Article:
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Israel bans Arab Islamic Movement for 'incitement' over al-Aqsa religious site

Israel has banned the northern branch of the Islamic Movement in Israel. Israel accuses the movement of inciting violence over the al-Aqsa Mosque compound, known to Jews as the Temple Mount.

The Northern Branch of the Islamic Movement of Israel provides educational, religious and cultural services to Arab Israelis, but unlike its mainstream branch does not participate in elections so as to not legitimize Israel and does not recognize the Oslo peace accords. The two branches split in the 1990s.

The Israeli government accuses the Northern Branch of incitement over the al-Aqsa Mosque compound, the third most holy site in Islam and most holy site for Jews, who call it the Temple Mount.

The Southern Branch of the Islamic Movement is unaffected by the ban.

Clashes over the religious site have erupted over the years, with the most recent spate of violence starting in September. The Islamic Movement and some Palestinians accuse Israel of seeking to take control of the compound and change the status quo.

By October a

dead peace process and more than half century of Israeli occupation

added fuel to the al-Aqsa tension as near daily knife, gun and car-ramming attacks targeted Israelis.

In all, 14 Israelis have been killed since early October and Israeli

security forces have killed more than 80 Palestinians,

half accused by Israel of attacking Jews.

Struggling to deal with the violence and protests, Israeli stepped up security and implemented a harsh crackdown on Palestinians.

Distrust over status quo

In announcing the ban on Tuesday, the Israeli government said, "the Northern Branch of the Islamic Movement has carried out a campaign of incitement to violence for years based on the lie that 'The Al-Aqsa Mosque is in danger' and the false accusation that Israel wants to harm the mosque and violate the status quo."

Jews may visit but are prohibited from praying at the Temple Mount, a policy that Prime Minister Benjamin Netanyahu has said the government will not change.

Still, there has been a sharp increase in visits to the holy site over the years by Jewish activists, who would like to open it to Jewish prayer. By their account, at least 10,000 Jewish visitors are expected to visit this year alone, up from roughly 300 people a decade ago.

Israel Jerusalem Tempelberg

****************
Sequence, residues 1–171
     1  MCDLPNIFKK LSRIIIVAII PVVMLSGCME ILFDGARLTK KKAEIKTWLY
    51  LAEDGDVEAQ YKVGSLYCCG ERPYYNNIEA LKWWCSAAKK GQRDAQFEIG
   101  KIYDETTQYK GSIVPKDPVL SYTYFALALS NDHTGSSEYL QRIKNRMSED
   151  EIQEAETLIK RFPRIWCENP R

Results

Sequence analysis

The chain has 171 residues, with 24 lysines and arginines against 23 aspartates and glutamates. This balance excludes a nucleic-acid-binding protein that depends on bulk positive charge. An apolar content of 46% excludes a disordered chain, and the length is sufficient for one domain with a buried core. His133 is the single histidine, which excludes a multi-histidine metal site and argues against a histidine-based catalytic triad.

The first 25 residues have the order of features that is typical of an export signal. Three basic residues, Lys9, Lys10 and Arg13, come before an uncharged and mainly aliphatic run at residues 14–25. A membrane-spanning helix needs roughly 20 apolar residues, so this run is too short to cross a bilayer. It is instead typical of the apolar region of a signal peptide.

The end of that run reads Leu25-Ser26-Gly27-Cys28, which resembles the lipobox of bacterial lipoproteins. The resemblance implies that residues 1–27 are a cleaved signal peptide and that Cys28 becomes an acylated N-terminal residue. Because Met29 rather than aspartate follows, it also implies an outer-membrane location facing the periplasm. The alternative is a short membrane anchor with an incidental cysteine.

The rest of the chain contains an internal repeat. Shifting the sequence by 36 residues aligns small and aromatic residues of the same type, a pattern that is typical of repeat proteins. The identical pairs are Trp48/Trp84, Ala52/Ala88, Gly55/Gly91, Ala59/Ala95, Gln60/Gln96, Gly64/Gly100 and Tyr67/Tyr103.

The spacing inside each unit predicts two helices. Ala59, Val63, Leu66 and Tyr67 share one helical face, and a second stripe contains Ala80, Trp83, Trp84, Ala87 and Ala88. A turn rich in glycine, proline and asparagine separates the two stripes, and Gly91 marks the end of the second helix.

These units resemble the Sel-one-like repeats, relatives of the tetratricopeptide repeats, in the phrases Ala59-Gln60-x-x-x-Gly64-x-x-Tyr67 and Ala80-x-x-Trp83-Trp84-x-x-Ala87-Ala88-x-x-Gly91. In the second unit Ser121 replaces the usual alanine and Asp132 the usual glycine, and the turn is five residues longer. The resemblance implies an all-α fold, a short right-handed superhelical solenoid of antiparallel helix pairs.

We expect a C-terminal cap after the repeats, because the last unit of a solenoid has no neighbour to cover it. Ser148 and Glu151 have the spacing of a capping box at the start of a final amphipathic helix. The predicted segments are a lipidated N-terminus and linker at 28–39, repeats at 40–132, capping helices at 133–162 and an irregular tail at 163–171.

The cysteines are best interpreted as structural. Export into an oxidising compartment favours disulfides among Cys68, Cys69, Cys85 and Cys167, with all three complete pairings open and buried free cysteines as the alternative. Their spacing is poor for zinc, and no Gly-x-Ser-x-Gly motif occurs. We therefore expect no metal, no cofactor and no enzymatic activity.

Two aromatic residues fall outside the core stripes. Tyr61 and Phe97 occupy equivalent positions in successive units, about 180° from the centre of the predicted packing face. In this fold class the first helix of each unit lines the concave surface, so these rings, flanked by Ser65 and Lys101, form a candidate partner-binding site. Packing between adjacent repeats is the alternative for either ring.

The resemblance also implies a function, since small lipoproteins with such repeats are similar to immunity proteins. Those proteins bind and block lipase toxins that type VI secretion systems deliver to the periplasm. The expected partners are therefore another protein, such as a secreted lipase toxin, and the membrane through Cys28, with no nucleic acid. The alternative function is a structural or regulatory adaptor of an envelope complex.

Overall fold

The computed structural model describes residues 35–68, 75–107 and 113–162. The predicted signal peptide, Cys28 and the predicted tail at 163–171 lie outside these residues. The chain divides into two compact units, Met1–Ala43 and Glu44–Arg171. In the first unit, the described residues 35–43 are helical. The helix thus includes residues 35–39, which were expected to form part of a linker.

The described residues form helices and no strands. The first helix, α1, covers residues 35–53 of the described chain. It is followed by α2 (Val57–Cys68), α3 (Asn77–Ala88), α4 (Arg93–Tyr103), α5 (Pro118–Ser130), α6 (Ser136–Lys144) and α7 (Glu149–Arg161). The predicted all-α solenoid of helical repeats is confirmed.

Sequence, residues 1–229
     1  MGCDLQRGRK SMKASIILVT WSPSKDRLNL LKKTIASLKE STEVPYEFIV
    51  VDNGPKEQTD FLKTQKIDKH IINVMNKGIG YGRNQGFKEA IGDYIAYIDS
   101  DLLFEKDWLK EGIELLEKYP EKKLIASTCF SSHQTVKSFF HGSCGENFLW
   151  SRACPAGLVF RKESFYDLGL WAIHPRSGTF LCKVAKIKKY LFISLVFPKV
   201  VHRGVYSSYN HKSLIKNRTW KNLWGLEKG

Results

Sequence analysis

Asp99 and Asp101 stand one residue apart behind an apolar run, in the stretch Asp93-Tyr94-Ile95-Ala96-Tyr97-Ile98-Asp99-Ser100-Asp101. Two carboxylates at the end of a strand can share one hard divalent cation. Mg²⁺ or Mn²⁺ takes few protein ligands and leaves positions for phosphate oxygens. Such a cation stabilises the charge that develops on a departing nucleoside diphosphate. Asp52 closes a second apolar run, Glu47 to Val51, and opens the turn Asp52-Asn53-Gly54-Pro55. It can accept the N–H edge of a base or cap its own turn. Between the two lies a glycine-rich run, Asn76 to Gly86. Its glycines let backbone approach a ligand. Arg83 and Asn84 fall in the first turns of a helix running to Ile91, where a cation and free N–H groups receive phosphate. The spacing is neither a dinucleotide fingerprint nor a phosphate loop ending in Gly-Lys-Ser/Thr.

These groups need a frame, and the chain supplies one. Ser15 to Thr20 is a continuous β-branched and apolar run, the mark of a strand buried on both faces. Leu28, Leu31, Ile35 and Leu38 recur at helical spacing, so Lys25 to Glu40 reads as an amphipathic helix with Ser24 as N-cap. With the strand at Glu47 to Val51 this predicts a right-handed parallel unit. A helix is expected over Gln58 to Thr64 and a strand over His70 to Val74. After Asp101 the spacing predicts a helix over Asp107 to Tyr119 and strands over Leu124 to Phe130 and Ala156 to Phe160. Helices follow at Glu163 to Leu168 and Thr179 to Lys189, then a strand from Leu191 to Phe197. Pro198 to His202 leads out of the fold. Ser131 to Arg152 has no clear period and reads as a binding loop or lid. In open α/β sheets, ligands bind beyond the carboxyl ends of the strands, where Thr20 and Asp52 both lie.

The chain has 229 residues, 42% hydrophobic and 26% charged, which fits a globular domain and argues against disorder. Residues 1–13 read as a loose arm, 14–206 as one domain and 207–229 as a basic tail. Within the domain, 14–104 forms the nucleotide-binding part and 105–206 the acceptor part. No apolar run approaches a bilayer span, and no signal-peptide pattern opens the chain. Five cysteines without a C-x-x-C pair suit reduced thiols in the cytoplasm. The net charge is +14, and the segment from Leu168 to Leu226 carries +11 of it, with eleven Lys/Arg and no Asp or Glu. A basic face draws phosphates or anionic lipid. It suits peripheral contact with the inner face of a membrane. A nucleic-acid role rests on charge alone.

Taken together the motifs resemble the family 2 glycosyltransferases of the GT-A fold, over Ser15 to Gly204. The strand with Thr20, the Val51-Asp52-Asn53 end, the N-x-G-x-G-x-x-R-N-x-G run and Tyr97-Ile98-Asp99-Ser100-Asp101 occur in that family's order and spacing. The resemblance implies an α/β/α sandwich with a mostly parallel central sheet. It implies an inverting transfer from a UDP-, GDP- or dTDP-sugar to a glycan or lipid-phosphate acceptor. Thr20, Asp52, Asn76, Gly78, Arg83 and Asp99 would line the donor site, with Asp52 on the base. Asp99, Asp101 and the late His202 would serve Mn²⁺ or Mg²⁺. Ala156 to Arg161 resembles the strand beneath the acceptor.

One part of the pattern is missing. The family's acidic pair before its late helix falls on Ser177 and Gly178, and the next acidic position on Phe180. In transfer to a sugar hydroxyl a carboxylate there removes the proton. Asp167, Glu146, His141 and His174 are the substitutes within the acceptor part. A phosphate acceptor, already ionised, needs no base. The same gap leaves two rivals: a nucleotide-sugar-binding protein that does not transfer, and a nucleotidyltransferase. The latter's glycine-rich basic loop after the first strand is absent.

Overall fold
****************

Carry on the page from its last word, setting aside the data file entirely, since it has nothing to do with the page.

Known to Muslims as Al-Aqsa and to Jews as Temple Mount, claims to the holy site have heightened tensions between the two groups

In response, the Islamic Movement has funded so-called female Murabitat and male Murabitun groups to watch over Jewish visitors and ensure they do not pray. Those groups were banned from al-Aqsa in September, sparking protests.

Compounding the distrust are statements by Israeli officials contradicting Netanyahu's avowed intent to preserve the status quo.

In recent weeks Israel's deputy foreign minister, deputy defense minister, a Likud cabinet minister, and

the government's new spokesperson,

among others, have all espoused the view Israel should take over the Temple Mount and open it to Jewish prayer.

Raids on Northern Branch

Israeli security forces on Tuesday raided offices of the movement and 17 affiliated organizations. Police seized money, documents, and computers and authorities froze the movement's bank accounts.

"Any person who belongs to this organization or who provides services to it or who acts within its framework is henceforth committing a criminal offense punishable by a prison sentence," the Israeli government said in a statement.

The government claimed the Islamic Movement has ties with the Muslim Brotherhood, the militant group Hamas and wants to destroy Israel.

Arab Israeli and Palestinian groups condemn

Raed Salah, the head of the organization, vowed to continue despite the ban.

"All these measures taken by the Israeli establishment are unjust and unacceptable," Salah said in a statement. "I am proud to remain the president of the Islamic Movement... (and) am seeking through all legitimate means, both domestic and internationally, to raise (the issue of) this blatant injustice."

Salah, who has been in and out of Israeli prisons, is suppose to start a 11-month jail term later this month pending an appeal for other incitement charges related to a 2007 sermon.

Mohammed Barakeh, the head of an umbrella group of Arab Israeli political parties and community leaders, said in an interview with Israeli Army Radio that the ban was "an unjustified draconian step that is meant to incriminate the entire Arab population."

Arab Israelis make up about 20 percent of Israel's population. Israel Arabs complain of discrimination, disenfranchisement and harassment.

In the statement, the Israeli government said the decision to ban the Islamic Movement was not directed at law abiding Arabs and Muslims.

cw/kms (AFP, AP, dpa, Reuters)

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